8. Because not everyone in the forums is a Rhinoceros
  9. Actually, just to be somewhat pedantic, the only legal opinion that truly matters is that of the judge with the final say. Meaning that the opinion of the first judge doesn't count if it goes to appeal. This is kinda highlighted at the moment by a recent case where the UK Electoral Commission had a legal opinion which the judge ruled against. https://www.bbc.co.uk/news/uk-politics-45519676
  10. I repeat from the deleted thread... Casper got it wrong!
  11. @JJValero Writer You appear to have completely misunderstood what GDPR is and what it is not. Nowhere does it state that holding a database with personal information is illegal! Quite the opposite in fact, especially where it's for personal use as one example. GDPR applies to how the data is protected and what the lawful reasons for holding it are and also rights of the data subject. Shame the other long thread got deleted, looks like we need to buckle up and go for the same ride.
  12. Bradford Mint

    Password Strength and Security

    I agree Callum, the rainbow table attacks with compute arrays as listed in the first post are most suited to unsalted password databases such as would be leaked from an organisation. Nobody bothers to attack consumers across a distributed geography using brute force. The attack landscape is too wide with usually insufficient gain. Your other point about password strength is also important because it highlights that choosing a "strong" password in itself is usually meaningless given that a single letter when hashed is the same length as a 1,000,000,000,000 character long password. Phishing remains the greatest threat here.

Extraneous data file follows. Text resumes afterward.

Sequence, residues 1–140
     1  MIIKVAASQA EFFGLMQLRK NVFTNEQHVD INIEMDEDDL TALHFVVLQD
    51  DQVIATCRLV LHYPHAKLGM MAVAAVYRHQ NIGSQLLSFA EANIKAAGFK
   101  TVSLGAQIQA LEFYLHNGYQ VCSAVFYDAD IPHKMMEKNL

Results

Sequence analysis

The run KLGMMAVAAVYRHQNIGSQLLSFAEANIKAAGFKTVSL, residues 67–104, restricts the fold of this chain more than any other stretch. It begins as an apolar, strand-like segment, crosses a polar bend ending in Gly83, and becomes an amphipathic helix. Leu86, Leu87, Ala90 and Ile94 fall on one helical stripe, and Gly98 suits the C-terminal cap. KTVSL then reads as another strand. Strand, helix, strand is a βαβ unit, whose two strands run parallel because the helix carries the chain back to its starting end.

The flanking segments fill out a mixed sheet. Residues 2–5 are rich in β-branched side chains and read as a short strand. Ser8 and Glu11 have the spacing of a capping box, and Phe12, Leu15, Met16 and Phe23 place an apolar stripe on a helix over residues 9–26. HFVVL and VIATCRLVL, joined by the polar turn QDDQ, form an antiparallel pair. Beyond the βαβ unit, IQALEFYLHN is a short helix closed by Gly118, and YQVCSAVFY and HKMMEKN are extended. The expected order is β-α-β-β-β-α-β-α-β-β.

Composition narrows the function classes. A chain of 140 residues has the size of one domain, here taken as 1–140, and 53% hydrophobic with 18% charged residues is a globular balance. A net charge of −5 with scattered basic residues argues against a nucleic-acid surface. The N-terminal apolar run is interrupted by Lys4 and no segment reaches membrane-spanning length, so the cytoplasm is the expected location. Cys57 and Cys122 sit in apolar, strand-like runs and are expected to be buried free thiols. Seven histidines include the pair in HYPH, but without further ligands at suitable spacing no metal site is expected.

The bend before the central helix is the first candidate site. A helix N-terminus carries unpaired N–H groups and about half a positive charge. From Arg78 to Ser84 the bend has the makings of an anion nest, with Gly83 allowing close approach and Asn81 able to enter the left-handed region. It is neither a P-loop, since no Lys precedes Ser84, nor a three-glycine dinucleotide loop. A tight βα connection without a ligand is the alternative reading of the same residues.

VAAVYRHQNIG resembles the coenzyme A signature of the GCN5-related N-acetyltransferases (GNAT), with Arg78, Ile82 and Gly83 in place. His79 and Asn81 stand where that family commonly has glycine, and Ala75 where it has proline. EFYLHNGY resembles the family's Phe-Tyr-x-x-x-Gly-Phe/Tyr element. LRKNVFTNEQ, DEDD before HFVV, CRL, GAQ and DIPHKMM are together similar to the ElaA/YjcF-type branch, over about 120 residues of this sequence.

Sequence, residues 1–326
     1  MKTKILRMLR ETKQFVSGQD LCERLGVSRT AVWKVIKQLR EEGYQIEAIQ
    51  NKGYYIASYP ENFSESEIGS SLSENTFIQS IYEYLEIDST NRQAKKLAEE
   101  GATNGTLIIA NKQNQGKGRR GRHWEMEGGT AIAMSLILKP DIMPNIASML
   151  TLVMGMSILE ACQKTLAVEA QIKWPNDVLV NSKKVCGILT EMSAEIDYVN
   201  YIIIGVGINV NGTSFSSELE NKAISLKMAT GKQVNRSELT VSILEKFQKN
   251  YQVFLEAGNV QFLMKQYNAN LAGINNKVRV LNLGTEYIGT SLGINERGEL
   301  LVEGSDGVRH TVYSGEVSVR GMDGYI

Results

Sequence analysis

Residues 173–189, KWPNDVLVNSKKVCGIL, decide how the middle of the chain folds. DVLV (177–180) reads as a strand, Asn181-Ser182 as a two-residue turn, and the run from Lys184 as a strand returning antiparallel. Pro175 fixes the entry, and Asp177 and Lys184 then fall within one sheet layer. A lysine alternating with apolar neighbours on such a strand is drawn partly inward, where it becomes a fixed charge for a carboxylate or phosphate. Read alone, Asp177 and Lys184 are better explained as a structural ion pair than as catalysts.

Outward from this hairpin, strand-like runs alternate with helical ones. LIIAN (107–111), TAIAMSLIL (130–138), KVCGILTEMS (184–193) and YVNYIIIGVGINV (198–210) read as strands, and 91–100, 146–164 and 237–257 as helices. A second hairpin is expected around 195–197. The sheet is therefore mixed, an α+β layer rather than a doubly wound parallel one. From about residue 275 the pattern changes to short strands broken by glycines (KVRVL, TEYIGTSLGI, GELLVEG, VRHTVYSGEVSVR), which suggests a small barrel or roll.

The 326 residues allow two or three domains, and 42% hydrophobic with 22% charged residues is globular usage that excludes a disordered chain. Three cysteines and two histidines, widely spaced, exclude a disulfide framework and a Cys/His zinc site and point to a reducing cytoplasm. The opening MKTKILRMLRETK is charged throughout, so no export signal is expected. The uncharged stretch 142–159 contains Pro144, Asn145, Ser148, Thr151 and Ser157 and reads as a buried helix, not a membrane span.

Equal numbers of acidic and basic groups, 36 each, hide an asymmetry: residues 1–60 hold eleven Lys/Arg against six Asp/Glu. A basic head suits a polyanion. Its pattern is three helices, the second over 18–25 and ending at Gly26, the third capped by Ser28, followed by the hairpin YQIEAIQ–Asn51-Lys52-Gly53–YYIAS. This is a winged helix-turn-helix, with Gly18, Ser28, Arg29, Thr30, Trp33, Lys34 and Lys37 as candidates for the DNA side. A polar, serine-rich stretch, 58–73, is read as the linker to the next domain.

13. Bradford Mint

    Password Strength and Security

    In terms of lockout protection yes but the reality is that the threat is not brute forcing a password in the first place but most likely phishing and in this case phishing a PIN would only have merit if the attacker is also in possession of the second factor, which implies a physical attack has also occurred. I realise that you are aware of this but wouldn't want people thinking a strong password is the same as a PIN. So as was already mentioned by someone else, entering a cryptographically super strong password into compromised site, has provided no extra security.
  14. Bradford Mint

    Password Strength and Security

    Yes but as has been pointed out brute forcing a login (such that it would result in a locked account) isn't the threat actor in play here but rather the calculation of the hashes against a rainbow table.
  15. Not forgetting that there's a cost in dealing with fraudulent transactions which could have been mitigated by not having had the fraud occur in the first place. Hence as we know, an organisation will be interested in factoring the cost of technology change against not only profit (generally none for security) but mitigation of time and effort and financial loss (saving) in dealing with the issue. Thus in short, no not every penny spent but the delta between the cost that they presently have vs the reduction in that cost and the overall improvements obtained. Did I need to write this in bold too or is this ok do you think? Bottom line is, some SLers run around forever with L$0 in their account while others have thousands in USD flowing through and would welcome extra protection.